Users Online: 2372 Home Print this page Email this page Small font sizeDefault font sizeIncrease font size  
Home | About us | Editorial board | Search | Ahead of print | Current issue | Archives | Submit article | Instructions | Subscribe | Contacts | Login 


Table of Contents
Year : 2020  |  Volume : 36  |  Issue : 2  |  Page : 213-218

Hyperbaric oxygen therapy as an adjuvant to standard therapy in the treatment of diabetic foot ulcers

1 Department of Anaesthesiology, UPUMS, Saifai, Uttar Pradesh, India
2 Department of Anaesthesiology, Vivekanand Polyclinic and Institute of Medical Sciences, Lucknow, Uttar Pradesh, India
3 Department of Community Medicine, UPUMS, Saifai, Uttar Pradesh, India

Date of Submission06-Apr-2019
Date of Acceptance09-Jun-2019
Date of Web Publication15-Jun-2020

Correspondence Address:
Dr. Usha Shukla
201, Type V, New Campus, UPUMS, Saifai, Etawah - 206 130, Uttar Pradesh
Login to access the Email id

Source of Support: None, Conflict of Interest: None

DOI: 10.4103/joacp.JOACP_94_19

Rights and Permissions

Background and Aims: Chronic diabetic foot ulcers pose a major problem because of associated limb threatening complications. The aim of the present study was to evaluate the efficacy of hyperbaric oxygen therapy (HBOT) as an adjuvant to standard therapy for treatment of diabetic foot ulcers.
Material and Methods: A total of 54 patients with diabetic foot ulcer of Wagner grade II–IV were recruited in this prospective, randomized, double blind study. Patients were randomized to receive HBOT along with standard therapy (group H; n = 28) or standard therapy alone (group S; n = 26). Patients were given 6 sessions per week for 6 weeks and followed up for 1 year. Outcomes were measured in terms of healing, and need for amputation, grafting or debridement. Parametric continuous variables were analyzed using Student unpaired t-test and categorical variables were analyzed using Chi square test.
Results: The diabetic ulcers in 78% patients in Group H completely healed without any surgical intervention while no patient in group S healed without surgical intervention (P = 0.001). 2 patients in group H required distal amputation while in Group S, three patients underwent proximal amputation.
Conclusion: The present study shows that hyperbaric oxygen therapy is a useful adjuvant to standard therapy and is a better treatment modality if combined with standard treatment rather than standard treatment alone for management of diabetic foot ulcers.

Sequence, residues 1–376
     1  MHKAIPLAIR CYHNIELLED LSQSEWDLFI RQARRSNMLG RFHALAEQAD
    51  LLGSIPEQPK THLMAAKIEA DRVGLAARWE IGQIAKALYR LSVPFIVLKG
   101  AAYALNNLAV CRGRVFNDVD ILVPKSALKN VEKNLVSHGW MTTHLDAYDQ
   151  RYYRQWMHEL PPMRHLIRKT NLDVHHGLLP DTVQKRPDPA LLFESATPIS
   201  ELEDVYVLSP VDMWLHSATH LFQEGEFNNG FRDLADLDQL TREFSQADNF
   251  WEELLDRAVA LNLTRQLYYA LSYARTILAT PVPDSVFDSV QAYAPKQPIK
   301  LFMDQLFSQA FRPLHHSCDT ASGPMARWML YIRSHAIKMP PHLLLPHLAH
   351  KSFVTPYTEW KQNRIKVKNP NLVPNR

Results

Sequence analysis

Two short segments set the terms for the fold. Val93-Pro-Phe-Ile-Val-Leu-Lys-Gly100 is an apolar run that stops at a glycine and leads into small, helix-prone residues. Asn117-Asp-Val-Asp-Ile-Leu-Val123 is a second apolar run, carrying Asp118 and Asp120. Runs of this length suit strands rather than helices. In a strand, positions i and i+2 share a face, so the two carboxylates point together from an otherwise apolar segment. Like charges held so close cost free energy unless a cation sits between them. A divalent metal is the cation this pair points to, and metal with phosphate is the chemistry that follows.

Keywords: Foot ulcer diabetic, hyperbaric oxygenation, wound healing

How to cite this article:
Kumar A, Shukla U, Prabhakar T, Srivastava D. Hyperbaric oxygen therapy as an adjuvant to standard therapy in the treatment of diabetic foot ulcers. J Anaesthesiol Clin Pharmacol 2020;36:213-8

How to cite this URL:
Kumar A, Shukla U, Prabhakar T, Srivastava D. Hyperbaric oxygen therapy as an adjuvant to standard therapy in the treatment of diabetic foot ulcers. J Anaesthesiol Clin Pharmacol [serial online] 2020 [cited 2021 Jul 26];36:213-8. Available from:

  Introduction Top

Diabetes nowadays is a global health problem, producing major economic burden on patient and healthcare.[1] Out of the reported incidence, 19-35% of the diabetic ulcers are non-healing[2] and almost 10-20% progress to lower extremity amputation.[3] Hence, despite careful treatment with multiple modalities like debridement, relief of pressure and dressings, many foot ulcers remain non-healing and require new treatment strategies such as ultrasound therapy, electrical stimulation, use of growth factors, bioengineered tissues, negative wound therapy and hyperbaric oxygen therapy besides conventional therapies. In hyperbaric oxygen therapy (HBOT), patients breathes 100% oxygen for a specified period of time in a pressurized chamber at pressure higher than atmospheric pressure at sea level. It causes increased blood and oxygen content in hypoxic tissues which maintains the cellular integrity and function. It also has antimicrobial activity due to enhanced mobility and bacteriophagic activity of leukocytes. HBOT promotes granulation tissue formation due to fibroblast proliferation and collagen synthesis, and improves microcirculation due to edema reduction and angiogenesis.[4],[5]